First, cut your fabric into (24) 5” strips. Then, subcut the strips into (192) 5” x 5” squares.

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You will be sewing your squares together at random, so first you need to mix up your neat stack of squares. I did this by “shuffling the deck” and spreading all the squares out across my cutting table. Then, I dumped the pile into a bag and mixed them up even more.

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Sew the squares together at random into (96) two-patches. The beauty of the pixel quilt is its randomness. However, at this stage I was careful to mix up the tones of the fabrics so there was at least some contrast between the two squares I sewed together.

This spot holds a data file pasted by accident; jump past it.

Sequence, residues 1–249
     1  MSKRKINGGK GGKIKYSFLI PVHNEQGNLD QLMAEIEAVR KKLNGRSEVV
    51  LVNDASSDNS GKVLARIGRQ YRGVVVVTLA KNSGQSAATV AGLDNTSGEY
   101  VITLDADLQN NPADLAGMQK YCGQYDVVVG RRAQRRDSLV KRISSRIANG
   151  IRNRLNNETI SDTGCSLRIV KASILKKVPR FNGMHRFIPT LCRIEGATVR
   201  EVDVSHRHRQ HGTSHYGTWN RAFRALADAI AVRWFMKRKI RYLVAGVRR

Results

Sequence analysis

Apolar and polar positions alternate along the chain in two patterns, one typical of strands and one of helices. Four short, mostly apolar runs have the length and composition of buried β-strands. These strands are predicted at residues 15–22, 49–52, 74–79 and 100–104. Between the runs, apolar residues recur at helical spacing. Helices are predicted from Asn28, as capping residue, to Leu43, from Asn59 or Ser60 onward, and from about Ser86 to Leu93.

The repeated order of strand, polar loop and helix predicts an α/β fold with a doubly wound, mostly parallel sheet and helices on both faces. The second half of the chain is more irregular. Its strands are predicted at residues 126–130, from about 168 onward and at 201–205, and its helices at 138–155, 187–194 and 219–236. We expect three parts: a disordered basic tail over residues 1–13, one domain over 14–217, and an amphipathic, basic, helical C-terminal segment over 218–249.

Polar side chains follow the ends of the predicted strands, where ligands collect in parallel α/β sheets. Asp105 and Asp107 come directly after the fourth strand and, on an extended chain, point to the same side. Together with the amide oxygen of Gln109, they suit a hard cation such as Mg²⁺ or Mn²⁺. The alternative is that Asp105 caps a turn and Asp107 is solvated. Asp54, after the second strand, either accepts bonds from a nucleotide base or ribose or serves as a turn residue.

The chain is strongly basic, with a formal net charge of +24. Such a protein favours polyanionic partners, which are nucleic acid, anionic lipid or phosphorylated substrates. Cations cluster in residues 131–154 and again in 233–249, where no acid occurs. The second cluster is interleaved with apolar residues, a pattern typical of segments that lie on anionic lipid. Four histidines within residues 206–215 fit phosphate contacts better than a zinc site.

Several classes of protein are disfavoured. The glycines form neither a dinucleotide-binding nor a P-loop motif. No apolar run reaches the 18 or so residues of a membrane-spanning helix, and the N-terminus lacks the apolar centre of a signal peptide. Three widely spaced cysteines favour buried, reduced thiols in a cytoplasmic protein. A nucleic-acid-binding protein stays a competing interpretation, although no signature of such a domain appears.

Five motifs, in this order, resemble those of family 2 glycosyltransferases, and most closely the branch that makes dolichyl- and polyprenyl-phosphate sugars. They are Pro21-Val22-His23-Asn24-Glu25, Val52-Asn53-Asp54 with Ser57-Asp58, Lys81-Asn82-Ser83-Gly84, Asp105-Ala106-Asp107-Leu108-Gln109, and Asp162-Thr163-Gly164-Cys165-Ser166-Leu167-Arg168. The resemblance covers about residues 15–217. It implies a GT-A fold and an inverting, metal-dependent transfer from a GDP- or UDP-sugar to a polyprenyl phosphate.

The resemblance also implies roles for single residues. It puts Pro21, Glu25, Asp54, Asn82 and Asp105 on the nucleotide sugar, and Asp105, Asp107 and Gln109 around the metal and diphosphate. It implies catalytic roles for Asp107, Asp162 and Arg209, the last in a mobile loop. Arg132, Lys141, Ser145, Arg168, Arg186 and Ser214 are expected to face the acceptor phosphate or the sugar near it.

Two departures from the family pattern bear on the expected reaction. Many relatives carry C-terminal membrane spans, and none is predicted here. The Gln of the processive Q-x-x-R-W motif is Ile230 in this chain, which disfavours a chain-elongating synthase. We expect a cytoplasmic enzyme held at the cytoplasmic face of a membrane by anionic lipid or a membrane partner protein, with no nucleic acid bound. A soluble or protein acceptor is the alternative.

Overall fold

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Press your two-patches to one side. Then, sew your two-patches together to make (48) four-patch blocks. Press seams to one side.

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Arbitrarily arrange your blocks into eight rows of six blocks. You’ll want to double check your seams alternate so they “nest” when you sew your blocks together. You can either rotate your blocks to make them fit, or you may need to re-press some of your seams.

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Sew your blocks and rows together and ta-da! You’re all done. I love how modern and graphic the end-result is. Della gave me several ombre fabrics after her sewing-room purge and I’ve started making miniature pixel quilts to hang in my sewing room.